Locating is one of the most important jobs of a jig or fixture. The proper selection of locators contributes to the overall operation and accuracy of the workholder. The locators must first properly position the workpiece, then maintain its location against primary cutting forces throughout the machining cycle.

Most workholders can be built using standard commercial locators. Standard locators both reduce design time and lower the fabrication cost of the workholder. Even if the locator needs to be modified to suit specific part requirements, modifying a commercial locator is usually (always) less expensive than designing and making the locator in-house.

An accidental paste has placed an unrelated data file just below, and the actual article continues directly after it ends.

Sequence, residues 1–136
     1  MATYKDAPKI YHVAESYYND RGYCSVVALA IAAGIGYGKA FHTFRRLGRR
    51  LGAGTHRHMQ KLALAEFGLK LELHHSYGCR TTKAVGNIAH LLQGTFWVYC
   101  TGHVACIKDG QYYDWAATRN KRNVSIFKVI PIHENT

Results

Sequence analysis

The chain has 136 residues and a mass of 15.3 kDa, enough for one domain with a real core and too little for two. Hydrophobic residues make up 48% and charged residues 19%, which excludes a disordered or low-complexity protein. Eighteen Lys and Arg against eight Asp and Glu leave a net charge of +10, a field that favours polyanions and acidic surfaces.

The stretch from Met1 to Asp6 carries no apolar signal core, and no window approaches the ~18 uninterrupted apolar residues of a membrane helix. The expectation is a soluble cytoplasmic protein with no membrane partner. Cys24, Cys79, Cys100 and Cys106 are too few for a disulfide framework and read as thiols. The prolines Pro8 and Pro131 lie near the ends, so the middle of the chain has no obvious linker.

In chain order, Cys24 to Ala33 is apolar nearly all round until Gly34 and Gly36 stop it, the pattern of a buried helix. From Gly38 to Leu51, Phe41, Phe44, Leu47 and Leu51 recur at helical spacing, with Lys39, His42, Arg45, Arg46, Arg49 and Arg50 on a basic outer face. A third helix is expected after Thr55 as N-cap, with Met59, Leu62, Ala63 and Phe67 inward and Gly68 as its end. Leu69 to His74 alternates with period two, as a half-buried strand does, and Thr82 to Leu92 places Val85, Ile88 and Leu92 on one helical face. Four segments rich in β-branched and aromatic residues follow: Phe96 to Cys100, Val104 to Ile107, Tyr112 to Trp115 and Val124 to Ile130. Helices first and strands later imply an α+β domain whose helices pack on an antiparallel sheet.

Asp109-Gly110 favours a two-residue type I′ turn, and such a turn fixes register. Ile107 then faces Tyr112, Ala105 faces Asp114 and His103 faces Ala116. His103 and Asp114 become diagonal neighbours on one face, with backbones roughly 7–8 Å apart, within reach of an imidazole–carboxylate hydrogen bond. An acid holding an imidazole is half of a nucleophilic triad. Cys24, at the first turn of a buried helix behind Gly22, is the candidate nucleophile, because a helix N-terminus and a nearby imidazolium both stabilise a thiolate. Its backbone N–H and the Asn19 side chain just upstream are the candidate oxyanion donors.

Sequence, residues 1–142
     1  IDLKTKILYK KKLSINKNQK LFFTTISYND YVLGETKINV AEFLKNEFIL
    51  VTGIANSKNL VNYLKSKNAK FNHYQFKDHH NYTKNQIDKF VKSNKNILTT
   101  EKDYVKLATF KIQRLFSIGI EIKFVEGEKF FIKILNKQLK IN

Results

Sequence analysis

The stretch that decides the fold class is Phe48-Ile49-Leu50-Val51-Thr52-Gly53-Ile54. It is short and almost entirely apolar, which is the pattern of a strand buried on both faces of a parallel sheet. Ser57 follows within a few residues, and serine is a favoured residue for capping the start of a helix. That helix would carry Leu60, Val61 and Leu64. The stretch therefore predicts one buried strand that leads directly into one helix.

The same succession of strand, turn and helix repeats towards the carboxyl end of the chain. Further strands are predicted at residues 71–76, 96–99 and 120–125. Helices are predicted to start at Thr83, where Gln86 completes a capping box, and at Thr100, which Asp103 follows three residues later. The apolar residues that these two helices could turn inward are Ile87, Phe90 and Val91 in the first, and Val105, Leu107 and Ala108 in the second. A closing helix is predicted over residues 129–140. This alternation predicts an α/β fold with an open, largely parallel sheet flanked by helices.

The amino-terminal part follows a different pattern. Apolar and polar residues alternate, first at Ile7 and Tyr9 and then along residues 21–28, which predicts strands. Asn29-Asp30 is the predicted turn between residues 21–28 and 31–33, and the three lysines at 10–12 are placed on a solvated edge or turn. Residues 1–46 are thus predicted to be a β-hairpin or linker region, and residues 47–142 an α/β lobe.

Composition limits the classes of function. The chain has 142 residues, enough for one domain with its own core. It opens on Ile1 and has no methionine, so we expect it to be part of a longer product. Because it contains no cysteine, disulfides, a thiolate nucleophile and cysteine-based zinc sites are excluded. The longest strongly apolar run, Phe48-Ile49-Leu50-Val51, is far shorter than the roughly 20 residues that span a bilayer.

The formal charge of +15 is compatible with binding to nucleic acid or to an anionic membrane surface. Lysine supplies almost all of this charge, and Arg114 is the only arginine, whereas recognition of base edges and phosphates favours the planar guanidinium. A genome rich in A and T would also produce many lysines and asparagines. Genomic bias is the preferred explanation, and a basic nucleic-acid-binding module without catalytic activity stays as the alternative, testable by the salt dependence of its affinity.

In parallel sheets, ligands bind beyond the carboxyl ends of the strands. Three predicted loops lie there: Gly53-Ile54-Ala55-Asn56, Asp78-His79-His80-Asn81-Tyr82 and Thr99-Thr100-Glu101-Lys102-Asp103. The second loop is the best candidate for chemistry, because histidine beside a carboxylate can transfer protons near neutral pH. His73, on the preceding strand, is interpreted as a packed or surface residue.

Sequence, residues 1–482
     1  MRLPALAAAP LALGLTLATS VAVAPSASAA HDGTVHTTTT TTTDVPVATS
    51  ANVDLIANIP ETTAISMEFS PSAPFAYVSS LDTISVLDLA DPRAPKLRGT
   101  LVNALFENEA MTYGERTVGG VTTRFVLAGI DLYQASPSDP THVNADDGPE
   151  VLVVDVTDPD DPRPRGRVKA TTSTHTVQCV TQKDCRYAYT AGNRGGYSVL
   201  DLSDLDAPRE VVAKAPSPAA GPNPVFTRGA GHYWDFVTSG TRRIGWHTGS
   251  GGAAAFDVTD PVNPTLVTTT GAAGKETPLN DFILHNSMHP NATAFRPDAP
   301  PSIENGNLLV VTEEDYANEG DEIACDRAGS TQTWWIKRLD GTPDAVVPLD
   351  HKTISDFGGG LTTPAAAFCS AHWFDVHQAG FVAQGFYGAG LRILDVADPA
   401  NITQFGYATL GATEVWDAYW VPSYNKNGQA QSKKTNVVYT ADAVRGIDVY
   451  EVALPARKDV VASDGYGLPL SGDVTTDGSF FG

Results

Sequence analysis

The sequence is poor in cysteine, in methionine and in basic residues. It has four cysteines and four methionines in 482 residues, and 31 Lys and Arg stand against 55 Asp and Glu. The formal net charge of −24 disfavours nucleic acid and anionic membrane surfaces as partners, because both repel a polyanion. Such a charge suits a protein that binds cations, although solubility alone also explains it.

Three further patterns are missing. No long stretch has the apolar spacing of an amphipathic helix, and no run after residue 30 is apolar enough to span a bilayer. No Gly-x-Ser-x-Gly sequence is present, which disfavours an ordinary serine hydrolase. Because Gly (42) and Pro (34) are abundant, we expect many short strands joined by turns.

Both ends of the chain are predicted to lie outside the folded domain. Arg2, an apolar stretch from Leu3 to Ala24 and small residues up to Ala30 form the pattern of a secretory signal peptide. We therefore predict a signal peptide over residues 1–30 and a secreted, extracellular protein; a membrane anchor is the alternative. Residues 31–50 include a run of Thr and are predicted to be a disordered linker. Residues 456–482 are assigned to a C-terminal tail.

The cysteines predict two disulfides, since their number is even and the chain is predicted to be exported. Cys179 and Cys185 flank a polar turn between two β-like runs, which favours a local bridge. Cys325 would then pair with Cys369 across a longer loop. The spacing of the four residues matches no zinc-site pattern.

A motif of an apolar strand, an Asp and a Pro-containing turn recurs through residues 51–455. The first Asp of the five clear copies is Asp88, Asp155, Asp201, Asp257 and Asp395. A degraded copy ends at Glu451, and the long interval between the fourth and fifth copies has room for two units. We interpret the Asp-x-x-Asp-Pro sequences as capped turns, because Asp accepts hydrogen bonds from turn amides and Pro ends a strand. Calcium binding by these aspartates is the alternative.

The terms “locator” and “support” both describe locating devices. Although the term “locator” often describes both locating elements, there are differences between the two, as seen in Figure 7-1. Here the term “support” refers to locators that bear the weight of the workpiece. Supports are generally placed under a part. The term “locator” refers to the elements that position the part on the axes not bearing the weight of the part.

The same components can be referred to as “locators” or “supports”
Figure 7-1. The same components can be referred to as “locators” or “supports” depending on the application.

Locators are also classified by their basic form. Both locators and supports can be grouped into one of two basic categories, fixed and adjustable. Fixed locators are installed in one position on a workholder and are not movable or adjustable. Adjustable locators, while firmly attached to the workholder, are capable of some adjustment to accommodate workpiece variation.